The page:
Saturday, February 20, 2016

Privacy and Government Compulsion

The US Department of Justice and Apple are in a legal battle over whether the company has to unlock one of their phones at the government's request. My opinion is that Apple is right, but not necessarily for privacy reasons.
The phone in question belonged to one of the shooters in the 2015 San Bernardino attack. Federal prosecutors believe the phone could hold evidence related to the attack. Apple says that they have cooperated in providing information that they have access to, such as what the attackers backed up to iCloud. But they've drawn the line at providing tools that could help to unlock the phone itself.

The natural surface reaction to that stance is "why not" - after all, the shooter is gone and his phone is physically held by the FBI. The issue, as Apple CEO Tim Cook stated in an open letter on the Apple website, is that the government wants Apple to build a tool that disables security features on the iPhone. Once they've done that, the government can order the use of that tool any time they want iPhone data. The next case might not be as clear-cut as a known perpetrator of a terror attack.

I don't have strong feelings on the privacy part of this issue. I understand the argument that any violation of privacy by the government is the first step on a slippery slope leading to a Orwellian Big Brother dystopia. I also understand the need for law enforcement to access the information of known criminals. Like nearly everything in life, I think the answer is somewhere in the middle rather than either extreme. If the government finds a way to open up that phone and get the data they need, then more power to them. (And it feels like they should be able to. There are a lot of very skilled hackers in the world, surely the FBI could find one.)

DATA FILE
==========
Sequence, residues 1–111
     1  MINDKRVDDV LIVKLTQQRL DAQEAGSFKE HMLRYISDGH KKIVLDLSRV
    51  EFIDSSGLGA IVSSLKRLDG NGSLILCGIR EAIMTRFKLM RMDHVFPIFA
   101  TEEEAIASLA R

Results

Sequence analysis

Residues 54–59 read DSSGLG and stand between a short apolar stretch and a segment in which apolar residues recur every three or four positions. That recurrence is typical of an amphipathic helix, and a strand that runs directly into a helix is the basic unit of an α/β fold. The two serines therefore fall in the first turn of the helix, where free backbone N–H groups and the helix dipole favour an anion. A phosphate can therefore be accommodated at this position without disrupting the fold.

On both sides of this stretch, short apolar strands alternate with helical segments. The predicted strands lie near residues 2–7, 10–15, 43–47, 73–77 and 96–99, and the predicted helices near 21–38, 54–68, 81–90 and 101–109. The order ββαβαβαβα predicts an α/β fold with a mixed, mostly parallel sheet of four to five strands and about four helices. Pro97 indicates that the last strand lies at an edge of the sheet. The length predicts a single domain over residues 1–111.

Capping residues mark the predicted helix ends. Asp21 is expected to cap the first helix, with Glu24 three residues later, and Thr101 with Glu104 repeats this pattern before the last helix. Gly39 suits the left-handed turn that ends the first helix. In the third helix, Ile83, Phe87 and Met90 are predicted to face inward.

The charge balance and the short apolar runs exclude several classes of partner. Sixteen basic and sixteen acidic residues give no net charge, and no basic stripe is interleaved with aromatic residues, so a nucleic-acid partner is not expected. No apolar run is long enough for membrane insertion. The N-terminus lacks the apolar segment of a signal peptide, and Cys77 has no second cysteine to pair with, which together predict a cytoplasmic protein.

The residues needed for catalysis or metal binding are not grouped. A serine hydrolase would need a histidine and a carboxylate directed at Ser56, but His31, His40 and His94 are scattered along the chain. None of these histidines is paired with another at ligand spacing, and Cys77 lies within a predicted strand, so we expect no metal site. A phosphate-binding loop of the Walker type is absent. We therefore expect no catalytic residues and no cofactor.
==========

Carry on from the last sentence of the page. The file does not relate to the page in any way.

Where I do have a problem with the government's request is that they're trying to get Apple to weaken their own products. Once you've built a security-circumvention tool, that tool could end up in the hands of unscrupulous users. It also sets a legal precedent to force other companies to do similar things. Both of those things are dangerous to the public at large, not just criminals.

If any government believes that they need to have access to their citizens' information (electronic or otherwise), then they need to set up rules beforehand that allow them access. The free countries in the world don't have such access-granting rules, and likely won't because the people won't stand for it. Coming in after the fact and trying to force a company to violate their own privacy promises to the consumer is no better, and we shouldn't allow either.

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